Road Review: Audi RS6 (2016) V8 quattro

So you are landed gentry and you don’t like travelling without your Labrador and the car must also work as the family carrier. But it must drill the Lord next door’s Lamborghini too. Got that? Yes – and so has Audi RS6. Audi RS6 (3) Wild wagons are nothing new and Audi has regularly been a major player in that niche – its RS estates have pretty much typified the cutting edge in this obscure niche and now it’s moved the goalposts even further. Suppose this car’s incredible pace is down to Audi sticking to its turbocharged quattro drive guns. It invented cars like this and it seems Ingolstadt has lucked out too and the hallmarks of its quattro philosophy have come to be absolute essentials in any modern supercar. Packing a monster 4-litre V8 pumped up to 412kW and 700Nm by a pair of turbos, Audi claims His Lordship’s Labrador Lugger will crack 100km/h from standstill in just 3.9 seconds, aided and abetted by quattro traction, a splendid 8-speed ZF box, special dynamic suspension and stopped by monster carbon ceramic brakes. Audi RS6 (2) That’s hardly slow for a two-ton station wagon, but then it consistently broke the 3.7-second mark on our test strip. That’s squarely in Ferrari and Lamborghini territory and with those blistered arches and flared nostrils it drew a number of stares – even an owner of a Ferrari 488 gave it the universal sign for ‘nice car.’ Of course Audi RS6 is also a wonderful blend everything that is good from quilted leather to shiny carbon fibre, the gizmos and the rest. Space is beyond question; we’ve driven everything form Range Rovers to S-Class’s that fail to compare to the excellent rear space and vast load bed. Audi RS6 is a touch challenging to manoeuvre and it came very close to not fitting in our garage but the shape is magnificently odd and beguiling that you simply don’t mind. So how does all this translate to the road? Well, it’s pretty damned impressive, if not quite as pointed and precise as the lower and as such defter RS7 – that car is impeccable thanks to its lower centres of mass and gravity, but truth be told we’re splitting hairs. Audi RS6 (5) Perhaps most impressive is that achieving this wagon’s Ferrari-rivalling acceleration was like taking sweets from a child – quick, simple and utterly repetitive. This car is also another nail in the coffin of those fumbling overpowered rear-driven supercars that make dancing with a grizzly bear or swimming with a great white seem easier than trying to drive them hard. And how does this monster shape up as a drivers car? Pretty damned well I’d say, although its heft and proportions will always rob it of the nimbleness to really dance toe-to toe with the best but as a car that excels in so many areas, the Audi RS6 is simply unsurpassed and maybe for once the South African market will realise the enormous advantages of wagons. *This review was first published in AutoNews by Michele Lupini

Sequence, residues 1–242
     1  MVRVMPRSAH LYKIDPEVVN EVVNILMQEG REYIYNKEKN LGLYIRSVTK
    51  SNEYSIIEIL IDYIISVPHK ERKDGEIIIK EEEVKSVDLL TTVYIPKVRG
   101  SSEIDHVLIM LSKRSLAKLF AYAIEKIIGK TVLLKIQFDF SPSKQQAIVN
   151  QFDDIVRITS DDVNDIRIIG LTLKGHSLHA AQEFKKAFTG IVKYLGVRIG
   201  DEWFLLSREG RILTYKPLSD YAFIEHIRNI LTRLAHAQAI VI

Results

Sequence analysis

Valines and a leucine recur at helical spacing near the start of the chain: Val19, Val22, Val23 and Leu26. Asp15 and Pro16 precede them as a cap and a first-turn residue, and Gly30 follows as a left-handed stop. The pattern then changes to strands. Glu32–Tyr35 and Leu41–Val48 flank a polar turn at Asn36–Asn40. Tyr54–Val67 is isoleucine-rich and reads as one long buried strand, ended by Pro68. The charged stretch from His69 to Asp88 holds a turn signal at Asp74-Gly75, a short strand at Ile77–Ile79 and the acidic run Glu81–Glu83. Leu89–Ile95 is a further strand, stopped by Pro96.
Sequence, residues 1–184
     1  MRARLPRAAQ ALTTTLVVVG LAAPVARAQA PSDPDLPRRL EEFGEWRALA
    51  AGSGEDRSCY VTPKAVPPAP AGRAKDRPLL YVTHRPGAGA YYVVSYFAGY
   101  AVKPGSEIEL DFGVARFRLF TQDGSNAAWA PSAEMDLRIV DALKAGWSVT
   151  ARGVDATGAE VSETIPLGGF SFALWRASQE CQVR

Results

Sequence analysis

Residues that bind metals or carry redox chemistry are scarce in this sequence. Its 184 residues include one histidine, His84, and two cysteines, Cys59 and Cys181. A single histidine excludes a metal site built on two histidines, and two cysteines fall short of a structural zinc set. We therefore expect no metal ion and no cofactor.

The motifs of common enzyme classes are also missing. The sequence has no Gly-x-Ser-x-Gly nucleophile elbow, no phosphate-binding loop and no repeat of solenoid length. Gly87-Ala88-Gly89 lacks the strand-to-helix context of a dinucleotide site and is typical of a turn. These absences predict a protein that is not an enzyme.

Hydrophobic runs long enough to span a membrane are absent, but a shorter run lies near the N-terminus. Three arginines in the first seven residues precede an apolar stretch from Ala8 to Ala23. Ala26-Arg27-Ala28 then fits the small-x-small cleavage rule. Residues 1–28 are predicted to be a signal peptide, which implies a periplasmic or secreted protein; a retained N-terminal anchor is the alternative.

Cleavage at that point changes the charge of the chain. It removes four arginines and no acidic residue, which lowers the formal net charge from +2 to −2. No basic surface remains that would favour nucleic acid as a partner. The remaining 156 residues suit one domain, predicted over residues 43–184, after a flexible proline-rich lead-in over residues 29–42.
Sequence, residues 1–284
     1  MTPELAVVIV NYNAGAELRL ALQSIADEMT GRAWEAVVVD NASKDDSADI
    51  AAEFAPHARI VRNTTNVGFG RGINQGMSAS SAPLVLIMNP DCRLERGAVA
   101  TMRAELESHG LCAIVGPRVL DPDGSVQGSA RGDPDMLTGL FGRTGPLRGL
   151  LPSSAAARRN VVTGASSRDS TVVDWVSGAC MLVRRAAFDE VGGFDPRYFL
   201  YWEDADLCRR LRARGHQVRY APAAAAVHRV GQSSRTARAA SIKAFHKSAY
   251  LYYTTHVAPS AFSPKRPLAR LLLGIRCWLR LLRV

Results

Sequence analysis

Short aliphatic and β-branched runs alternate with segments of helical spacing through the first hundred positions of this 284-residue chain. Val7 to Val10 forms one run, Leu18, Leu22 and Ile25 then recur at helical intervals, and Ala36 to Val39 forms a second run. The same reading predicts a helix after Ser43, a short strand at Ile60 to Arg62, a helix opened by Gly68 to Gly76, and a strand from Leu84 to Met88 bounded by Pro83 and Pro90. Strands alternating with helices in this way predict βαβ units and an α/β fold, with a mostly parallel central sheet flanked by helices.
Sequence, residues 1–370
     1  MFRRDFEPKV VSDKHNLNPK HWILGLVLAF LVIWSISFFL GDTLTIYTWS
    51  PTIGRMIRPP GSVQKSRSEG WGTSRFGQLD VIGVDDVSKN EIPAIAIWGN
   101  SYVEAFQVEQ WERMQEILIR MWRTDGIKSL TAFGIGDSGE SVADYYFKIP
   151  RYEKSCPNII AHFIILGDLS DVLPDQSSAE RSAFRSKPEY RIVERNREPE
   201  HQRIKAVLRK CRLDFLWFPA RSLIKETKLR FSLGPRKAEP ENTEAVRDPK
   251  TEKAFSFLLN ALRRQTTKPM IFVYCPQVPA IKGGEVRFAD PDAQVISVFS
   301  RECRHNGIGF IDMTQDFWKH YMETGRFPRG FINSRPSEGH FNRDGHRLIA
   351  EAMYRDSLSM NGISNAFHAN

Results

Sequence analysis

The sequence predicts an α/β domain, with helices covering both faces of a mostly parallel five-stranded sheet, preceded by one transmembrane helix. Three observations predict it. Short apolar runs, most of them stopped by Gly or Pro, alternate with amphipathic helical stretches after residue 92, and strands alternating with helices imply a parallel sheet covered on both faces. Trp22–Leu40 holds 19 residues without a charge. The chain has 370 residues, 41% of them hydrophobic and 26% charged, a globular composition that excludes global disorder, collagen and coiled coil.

Base Price R1 509 000
Engine Capacity 3 993 cm³
No. Of Cylinders 8-cylinders
Aspiration Turbo
Power 412kW at 5 700 r/min
Torque 700Nm at 1 750 r/min
Transmission 7-speed Auto
Drive type Quattro drive
Acceleration 0-100 km/h in 3.9 seconds (claimed)
Top Speed 250km/h
Fuel Consumption 9.8l/100km (claimed combined)
CO2 Emissions 223g/km


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